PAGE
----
by Frank KozolFrank Kozol “Paul Kramer”, who served in the U.S. Army during WWII is the eyes and ears for the reader on what it was like to leave home and go off to War. While he’s changed the names of the people he served with, everything he writes about is true. As he takes the reader on his journey to serve his country from leaving his family and neighborhood for Registration to returning as an honorably discharged WWII veteran, the author describes his day to day adventures which lead to unexpected ser... more
by Lauritz Raymond Ingram
A boy grows up in a broken family in Philadelphia. He gets in trouble and is sent to a reform school. There he finds the game of basketball. He pursues the dream of becoming a player and learns that the coaches behind us in every facet of our lives help us to become whoever and whatever we are. He decides to try and become one of those coaches. There are triumphs, failures and even disasters along his journey. He learns the lesson that sometimes all we can do is... all we can do.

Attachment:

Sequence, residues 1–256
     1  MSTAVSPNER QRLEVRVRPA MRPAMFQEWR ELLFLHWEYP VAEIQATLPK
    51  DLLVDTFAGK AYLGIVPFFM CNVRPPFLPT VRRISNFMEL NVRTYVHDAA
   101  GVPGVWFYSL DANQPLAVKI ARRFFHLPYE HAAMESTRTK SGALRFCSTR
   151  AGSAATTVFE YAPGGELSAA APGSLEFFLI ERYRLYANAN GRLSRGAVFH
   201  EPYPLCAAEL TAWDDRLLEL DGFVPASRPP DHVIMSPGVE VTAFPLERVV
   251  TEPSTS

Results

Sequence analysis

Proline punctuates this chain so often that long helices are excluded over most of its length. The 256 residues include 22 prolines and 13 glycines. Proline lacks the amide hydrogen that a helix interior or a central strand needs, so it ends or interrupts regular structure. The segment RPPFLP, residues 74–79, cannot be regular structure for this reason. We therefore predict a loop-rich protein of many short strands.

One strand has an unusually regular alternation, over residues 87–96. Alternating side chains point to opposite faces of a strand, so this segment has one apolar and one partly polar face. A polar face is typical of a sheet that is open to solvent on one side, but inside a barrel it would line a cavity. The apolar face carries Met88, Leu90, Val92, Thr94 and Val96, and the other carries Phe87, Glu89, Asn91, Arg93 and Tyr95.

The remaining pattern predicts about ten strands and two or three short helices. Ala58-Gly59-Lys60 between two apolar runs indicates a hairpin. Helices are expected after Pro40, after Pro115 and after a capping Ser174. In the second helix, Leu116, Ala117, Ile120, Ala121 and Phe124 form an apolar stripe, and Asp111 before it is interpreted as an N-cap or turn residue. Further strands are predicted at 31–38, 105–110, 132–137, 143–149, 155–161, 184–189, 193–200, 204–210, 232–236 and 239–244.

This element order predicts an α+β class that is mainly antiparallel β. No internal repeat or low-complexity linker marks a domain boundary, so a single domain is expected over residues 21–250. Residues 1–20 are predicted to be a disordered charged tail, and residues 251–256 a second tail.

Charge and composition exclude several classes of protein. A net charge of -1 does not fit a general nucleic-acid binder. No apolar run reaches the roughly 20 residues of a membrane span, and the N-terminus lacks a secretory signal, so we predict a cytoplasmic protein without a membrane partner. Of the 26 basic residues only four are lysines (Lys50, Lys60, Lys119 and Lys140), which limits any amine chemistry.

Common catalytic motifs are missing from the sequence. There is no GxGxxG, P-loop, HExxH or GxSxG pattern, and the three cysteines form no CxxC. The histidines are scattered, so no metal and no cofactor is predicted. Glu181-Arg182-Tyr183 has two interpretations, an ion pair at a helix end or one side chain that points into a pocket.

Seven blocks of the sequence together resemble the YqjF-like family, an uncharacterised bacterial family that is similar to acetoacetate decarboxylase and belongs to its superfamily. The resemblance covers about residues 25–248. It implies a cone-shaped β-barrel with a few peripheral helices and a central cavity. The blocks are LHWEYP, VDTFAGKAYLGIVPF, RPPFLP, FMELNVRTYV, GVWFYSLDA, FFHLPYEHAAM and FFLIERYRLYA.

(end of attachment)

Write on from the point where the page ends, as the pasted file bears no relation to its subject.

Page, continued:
by G S BurroughsAlfred Earnest Scholes joined the Metropolitan Police in February 1888 and was one of many constables that were posted to the dark slums of Whitechapel during the Jack the Ripper scare of the same year. In a career spanning 36 years from lowly PC Scholes to Detective Inspector, this book examines some of the most fascinating crimes and criminals that had Victorian and Edwardian England shocked and enthralled. Beginning with the infamous Mrs Pearcey in the Kentish Town Murder, who cut the throat ... more